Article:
As a neutral you are interested in good soccer. When you can choose to watch the Premier League, Champions league, or the New England Revolution/Chivas/KC, etc., the choice is not difficult and MLS will continue to struggle. Why would a soccer fan in North Carolina care to watch TFC v. San Jose? It’s not great soccer and it’s not of any personal interest. Maybe they would enjoy watching Chelsea v. Man City for the entertainment value.

    The TV ratings won’t improve until the MLS is strong enough to remove or drastically increase the salary cap; that may never happen.

    • Except MLS isn’t directly competing with Chelsea v Man City. MLS kicks-of after those games are over.

      The Mexican league is more relevant to MLS’ TV numbers.

      • A casual soccer fan will probably watch 1-2 games a week. If he or she can watch a few Champs league, or top Euro div games a week verses a few MLS games a week (featuring MLS teams in other cities), I’d imagine most would opt for the better soccer, rather than sitting down for a PVR’d match of New England v. Chivas. If NE and Chivas were top flight clubs featuring the world’s best players, it might be a different story.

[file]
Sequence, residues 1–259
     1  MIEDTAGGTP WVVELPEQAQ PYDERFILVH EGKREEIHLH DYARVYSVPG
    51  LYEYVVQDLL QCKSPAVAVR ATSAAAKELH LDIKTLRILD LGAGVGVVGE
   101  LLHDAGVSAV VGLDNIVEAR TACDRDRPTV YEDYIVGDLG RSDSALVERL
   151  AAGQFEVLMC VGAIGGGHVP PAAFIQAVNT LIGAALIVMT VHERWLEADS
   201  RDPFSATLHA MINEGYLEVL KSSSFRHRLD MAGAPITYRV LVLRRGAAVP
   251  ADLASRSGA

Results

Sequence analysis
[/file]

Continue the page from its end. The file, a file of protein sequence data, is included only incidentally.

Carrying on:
When NHL and AHL games are both on TV, people arn’t interested in AHL games for the most part, aside from people in the AHL city. Whether the AHL game is on at the same time as an NHL game is for the most part irrelevant, to the casual hockey fan. Even without NHL on TV, people arn’t that interested in AHL hockey.

        Aside from the couch potato/soccer nut who watches 25 games a week, It doesn’t matter if the games are on at the exact same time of day so the “directly competing” doesn’t really play in.

      • I love the sport in general and will go see the local side play several times per year. (Necessitating about a 2 mile drive – can’t say I’d go an incredible lot further though.)

        But watch the MLS on TV? No, I’ve got time to watch maybe 3 full matches a week. I’ll catch MCFC live and then pick two good matchups off Fox Soccer 2 Go and watch them on delay.